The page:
Every day, we are making groundbreaking advances in our fight against fur. Major fashion houses and retailers, from Gucci to Burlington, have gone fur-free and just last weekend, California became the first U.S. state to ban fur sales. But today, in a sad reminder of the fact that the battle against fur is far from over, we are releasing video footage from our latest undercover investigation of fur farms in Finland, documenting the terrible suffering millions of animals continue to endure for this completely unnecessary commodity.
The footage was captured by investigators from the Humane Society International/United Kingdom and the Finnish animal protection group Oikeutta Eläimille, who visited 13 farms over a course of seven months between April and October this year. It shows hundreds of foxes and mink suffering in small, barren and filthy battery cages. There are tiny fox cubs struggling to walk across wire floors of their cages, their tiny feet constantly slipping through the holes. There are animals with eye infections and gaping wounds, including a mink with a large, bloody hole in the head. Some animals lie dead in the cages and others eat them or walk over them.
As Claire Bass, executive director of HSI/UK, who participated in the investigation, described it, “These poor young animals have zero quality of life, they exist only as vessels for their fur, as broken and tormented souls.”
The animals’ lives are miserably short – most will be electrocuted when they are just eight months old so they can be skinned for their fur. Although wild animals, they will never know what it is like to experience a single day out of the terrible confinement of those cages. It is a relentless cycle of deprivation, suffering and death, with no escape for those trapped in it.
It is hard for any animal lover to stomach such cruelty, and this has been a difficult process for Claire and others involved in this investigation. But we did this because we want to shine a light on the cruelty of fur and especially Finland’s fur farms, which produce and export large quantities of fur each year, including to the United States and the United Kingdom.
Finland is in fact the largest producer of fox fur in Europe. Each year, 2.5 million foxes are raised on the approximately 800 fur farms in this country – and killed – for the global fur trade. The only other country that farms more foxes for fur is China.
Our investigation also hopes to correct a double standard that now exists in the United Kingdom with regards to fur: while the country banned fur farming in 2000 on ethical grounds, it has allowed the imports of fur from overseas to continue. Animal fur is still sold in British stores, and since the ban, the country has imported more than $1 billion worth of fur from other countries, including nearly $18 million worth of fur from Finland.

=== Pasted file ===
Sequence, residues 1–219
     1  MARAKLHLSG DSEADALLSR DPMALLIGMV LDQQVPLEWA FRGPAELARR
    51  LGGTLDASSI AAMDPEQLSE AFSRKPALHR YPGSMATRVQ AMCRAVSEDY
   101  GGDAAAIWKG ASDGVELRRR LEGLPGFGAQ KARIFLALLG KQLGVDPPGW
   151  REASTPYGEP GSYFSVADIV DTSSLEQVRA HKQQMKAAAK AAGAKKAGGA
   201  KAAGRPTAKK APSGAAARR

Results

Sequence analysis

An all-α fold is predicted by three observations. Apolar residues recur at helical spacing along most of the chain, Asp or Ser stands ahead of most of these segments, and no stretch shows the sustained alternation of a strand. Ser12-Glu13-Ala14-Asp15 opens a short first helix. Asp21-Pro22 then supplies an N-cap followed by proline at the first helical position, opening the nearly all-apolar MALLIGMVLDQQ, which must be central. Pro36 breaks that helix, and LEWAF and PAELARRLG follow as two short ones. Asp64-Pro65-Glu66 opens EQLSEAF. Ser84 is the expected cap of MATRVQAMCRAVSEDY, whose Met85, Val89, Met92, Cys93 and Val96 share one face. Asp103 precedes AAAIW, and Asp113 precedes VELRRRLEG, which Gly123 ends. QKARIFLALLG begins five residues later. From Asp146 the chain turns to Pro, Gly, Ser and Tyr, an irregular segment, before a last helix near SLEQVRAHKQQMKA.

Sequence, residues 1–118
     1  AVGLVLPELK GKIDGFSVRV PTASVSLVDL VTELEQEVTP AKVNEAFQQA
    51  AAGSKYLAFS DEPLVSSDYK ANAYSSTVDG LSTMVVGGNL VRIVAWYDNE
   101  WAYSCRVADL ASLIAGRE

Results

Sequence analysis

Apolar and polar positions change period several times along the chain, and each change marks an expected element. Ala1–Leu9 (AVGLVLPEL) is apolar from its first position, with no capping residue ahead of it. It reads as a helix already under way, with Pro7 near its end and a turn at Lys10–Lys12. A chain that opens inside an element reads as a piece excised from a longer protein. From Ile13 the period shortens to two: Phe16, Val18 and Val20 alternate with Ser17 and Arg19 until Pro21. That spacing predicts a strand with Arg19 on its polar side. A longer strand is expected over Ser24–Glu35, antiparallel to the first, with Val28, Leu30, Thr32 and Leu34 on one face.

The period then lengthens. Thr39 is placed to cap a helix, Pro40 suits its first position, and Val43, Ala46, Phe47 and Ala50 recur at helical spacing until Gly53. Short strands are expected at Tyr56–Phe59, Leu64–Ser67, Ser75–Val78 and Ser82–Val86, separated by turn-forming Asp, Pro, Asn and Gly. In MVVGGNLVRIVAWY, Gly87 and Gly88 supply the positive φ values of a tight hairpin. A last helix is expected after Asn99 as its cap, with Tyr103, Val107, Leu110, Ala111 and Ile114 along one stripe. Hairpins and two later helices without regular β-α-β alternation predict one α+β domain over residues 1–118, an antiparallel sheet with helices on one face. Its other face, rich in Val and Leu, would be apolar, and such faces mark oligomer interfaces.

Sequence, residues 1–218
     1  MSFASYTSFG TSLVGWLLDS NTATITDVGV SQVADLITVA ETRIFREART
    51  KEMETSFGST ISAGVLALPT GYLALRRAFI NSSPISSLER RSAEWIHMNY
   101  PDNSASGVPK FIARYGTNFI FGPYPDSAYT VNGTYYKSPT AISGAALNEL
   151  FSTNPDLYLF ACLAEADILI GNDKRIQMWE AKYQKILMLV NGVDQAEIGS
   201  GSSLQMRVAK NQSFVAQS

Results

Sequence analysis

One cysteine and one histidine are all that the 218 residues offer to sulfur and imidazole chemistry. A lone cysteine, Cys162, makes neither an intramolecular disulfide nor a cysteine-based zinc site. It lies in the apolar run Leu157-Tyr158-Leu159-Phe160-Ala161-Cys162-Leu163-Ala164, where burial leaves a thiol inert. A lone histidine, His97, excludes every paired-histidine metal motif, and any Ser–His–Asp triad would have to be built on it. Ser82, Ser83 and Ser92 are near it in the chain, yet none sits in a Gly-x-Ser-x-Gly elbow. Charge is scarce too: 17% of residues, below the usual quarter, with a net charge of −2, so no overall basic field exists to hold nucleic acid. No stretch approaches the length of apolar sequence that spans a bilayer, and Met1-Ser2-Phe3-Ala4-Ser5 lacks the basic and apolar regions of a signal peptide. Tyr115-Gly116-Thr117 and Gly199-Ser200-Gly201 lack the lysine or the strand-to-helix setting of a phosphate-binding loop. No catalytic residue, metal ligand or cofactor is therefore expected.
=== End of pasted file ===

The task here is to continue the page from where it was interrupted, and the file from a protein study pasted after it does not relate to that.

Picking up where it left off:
The video has grabbed the attention of some powerful voices in the country, and led to several members of parliament in the U.K. to issue strong statements calling on the government to take swift action to ban the sale of animal fur. Next month, we will screen the footage at the European Parliament, followed by a roundtable debate on animal welfare problems associated with fur farming. Participants will include Fur Europe and the European Commission. Our #FurFree Britain campaign has also gathered more than half a million signatures from animal lovers in support of a U.K. fur sales ban, and it is supported by a host of celebrities, including Stella McCartney, Dame Judi Dench, Andy Murray, Paloma Faith and Ricky Gervais, who have been amplifying our message against fur among their followers.
There is no reason for anyone to wear fur: innovative materials that simulate the look and feel of fur are easily available. And if anyone needs more proof that fur is out of fashion, they only have to look at the avalanche of fur-free announcements in recent years, including Prada, Armani, Gucci, Ralph Lauren, Stella McCartney, Michael Kors, Burberry and many more. InStyle last year committed to go fur-free, signaling to consumers that this cruelty no longer belongs in high-fashion magazines.
Lawmakers globally are also increasingly legislating against fur, and since the U.K.’s fur production ban, more than a dozen European countries, including Austria, the Czech Republic, Norway and the Netherlands have passed similar laws. Earlier today the Slovakian National Council approved a ban on fur farming, committing to close the last of its mink and rabbit fur farms by 2025. Ireland is in the process of passing a ban on fur production, and a draft bill has been introduced in Bulgaria.
Here in the United States, Hawaii and New York have introduced measures similar to the fur sales ban in California.
Fur has long outlived its glamour and today, many see this industry, which kills 100 million animals each year, for exactly what it is: an outmoded enterprise built on terrible cruelty and the pain and torment of innocent animals. Our latest investigation offers more proof why fur needs to be relegated to history, so no animal ever again has to suffer the misery of living, and dying, on a fur farm.